When we find averages is to find one number that describes a set of data (this is properly called a distribution).
The reason we do this is so we are able to compare two distributions.
How do we compare?
To compare distributions, we need to find an average (this normally the mean) and a measure of spread (for a small data set, this is normally the range)
When a question comes up in the exam, you need to make a comment on the average and a comment on the range.
Example 1: Dan can catch either the number 1 or number 2 bus to school. He records how many minutes late they are over the course of 10 days.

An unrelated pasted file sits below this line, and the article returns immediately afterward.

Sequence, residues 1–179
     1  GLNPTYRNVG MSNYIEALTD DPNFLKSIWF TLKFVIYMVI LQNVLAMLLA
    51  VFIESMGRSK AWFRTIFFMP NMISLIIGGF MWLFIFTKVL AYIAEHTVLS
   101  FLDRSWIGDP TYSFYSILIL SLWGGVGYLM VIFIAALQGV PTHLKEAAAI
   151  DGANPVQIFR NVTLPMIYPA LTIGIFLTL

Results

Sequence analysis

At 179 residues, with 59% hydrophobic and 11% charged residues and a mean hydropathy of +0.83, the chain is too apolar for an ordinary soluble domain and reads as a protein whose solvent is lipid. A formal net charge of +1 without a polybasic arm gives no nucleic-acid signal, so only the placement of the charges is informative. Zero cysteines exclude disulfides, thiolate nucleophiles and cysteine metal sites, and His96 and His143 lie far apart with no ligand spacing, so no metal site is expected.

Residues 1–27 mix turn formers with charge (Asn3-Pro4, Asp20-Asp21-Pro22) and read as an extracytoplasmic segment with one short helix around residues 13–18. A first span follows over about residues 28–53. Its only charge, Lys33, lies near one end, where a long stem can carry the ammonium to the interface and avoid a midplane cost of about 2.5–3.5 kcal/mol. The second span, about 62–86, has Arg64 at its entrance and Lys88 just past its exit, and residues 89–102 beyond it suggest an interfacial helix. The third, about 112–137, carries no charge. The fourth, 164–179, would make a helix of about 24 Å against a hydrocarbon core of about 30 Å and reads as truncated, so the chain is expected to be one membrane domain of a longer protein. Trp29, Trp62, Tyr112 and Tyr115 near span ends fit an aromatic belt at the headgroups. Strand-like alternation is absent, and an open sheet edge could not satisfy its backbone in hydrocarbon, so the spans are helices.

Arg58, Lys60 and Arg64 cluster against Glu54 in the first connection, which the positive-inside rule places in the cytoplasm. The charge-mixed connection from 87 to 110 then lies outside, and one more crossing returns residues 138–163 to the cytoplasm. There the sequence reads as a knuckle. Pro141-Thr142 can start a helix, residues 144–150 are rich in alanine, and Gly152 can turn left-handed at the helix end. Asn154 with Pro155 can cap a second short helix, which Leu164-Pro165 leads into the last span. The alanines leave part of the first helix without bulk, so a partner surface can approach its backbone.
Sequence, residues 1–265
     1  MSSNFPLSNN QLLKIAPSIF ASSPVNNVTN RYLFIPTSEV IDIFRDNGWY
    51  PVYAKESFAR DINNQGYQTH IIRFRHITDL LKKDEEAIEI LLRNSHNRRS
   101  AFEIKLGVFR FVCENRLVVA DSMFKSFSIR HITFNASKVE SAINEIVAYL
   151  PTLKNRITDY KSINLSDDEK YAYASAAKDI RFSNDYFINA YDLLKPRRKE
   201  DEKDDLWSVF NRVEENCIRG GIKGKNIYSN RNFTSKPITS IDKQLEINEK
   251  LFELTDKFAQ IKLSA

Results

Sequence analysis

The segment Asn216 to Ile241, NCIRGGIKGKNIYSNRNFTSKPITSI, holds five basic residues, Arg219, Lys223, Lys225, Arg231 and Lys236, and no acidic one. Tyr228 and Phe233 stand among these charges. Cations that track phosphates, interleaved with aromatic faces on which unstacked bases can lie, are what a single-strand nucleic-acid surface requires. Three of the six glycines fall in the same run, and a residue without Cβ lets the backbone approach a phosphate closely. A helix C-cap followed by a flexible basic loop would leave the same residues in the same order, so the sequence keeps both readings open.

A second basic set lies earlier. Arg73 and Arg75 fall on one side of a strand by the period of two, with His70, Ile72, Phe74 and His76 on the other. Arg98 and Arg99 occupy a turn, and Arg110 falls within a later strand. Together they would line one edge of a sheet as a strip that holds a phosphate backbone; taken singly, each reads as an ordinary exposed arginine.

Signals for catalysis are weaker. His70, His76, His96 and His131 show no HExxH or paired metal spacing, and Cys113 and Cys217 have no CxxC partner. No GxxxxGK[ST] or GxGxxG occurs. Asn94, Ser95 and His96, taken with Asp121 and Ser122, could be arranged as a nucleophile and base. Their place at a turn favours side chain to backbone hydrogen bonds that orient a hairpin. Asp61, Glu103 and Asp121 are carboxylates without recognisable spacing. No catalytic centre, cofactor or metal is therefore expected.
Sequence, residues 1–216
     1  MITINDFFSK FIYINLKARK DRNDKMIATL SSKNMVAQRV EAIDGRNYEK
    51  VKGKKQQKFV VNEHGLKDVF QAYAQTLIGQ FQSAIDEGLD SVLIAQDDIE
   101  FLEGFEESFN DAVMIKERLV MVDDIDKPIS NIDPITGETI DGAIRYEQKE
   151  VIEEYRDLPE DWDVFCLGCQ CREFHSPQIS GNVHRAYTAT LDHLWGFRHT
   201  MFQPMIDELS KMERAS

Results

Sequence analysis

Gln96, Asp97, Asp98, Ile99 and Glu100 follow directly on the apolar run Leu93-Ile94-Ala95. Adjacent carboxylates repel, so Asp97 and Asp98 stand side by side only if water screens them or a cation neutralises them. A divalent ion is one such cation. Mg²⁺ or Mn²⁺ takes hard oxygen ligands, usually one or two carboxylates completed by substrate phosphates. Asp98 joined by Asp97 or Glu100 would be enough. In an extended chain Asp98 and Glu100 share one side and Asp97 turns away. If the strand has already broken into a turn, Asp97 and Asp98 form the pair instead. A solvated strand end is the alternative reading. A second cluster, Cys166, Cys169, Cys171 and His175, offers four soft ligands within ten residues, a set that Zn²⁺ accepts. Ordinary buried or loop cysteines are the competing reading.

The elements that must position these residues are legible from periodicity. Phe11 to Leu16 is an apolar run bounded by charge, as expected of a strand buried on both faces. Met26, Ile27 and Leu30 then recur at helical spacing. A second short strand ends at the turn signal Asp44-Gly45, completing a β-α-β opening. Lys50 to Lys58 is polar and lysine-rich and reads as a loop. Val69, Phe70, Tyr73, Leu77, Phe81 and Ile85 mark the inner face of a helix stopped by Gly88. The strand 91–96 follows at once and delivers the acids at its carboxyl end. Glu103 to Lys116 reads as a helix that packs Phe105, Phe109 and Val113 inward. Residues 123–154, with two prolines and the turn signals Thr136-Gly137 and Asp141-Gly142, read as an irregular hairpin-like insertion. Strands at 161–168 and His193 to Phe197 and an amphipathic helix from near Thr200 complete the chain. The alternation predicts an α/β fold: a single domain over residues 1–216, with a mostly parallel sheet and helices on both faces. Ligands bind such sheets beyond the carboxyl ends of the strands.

Number 1: 4, 2, 0, 6, 4, 8, 8, 6, 3, 9
Number 2: 3, 4, 0, 10, 3, 5, 13, 1, 0, 1
By comparing the mean and range for each. Which bus should Dan catch if he wants to be at school on time
Mean = 50 ÷ 10 = 5.
Range = 8 - 0 = 8
Mean = 40 ÷ 10 = 4
Range = 13 - 0 = 13
You could argue for either bus.
The number 2 bus is less late so he should catch that one (the mean is lower for number 2)
The number 1 bus is more consistent so he should catch that one (the range is lower for number 1)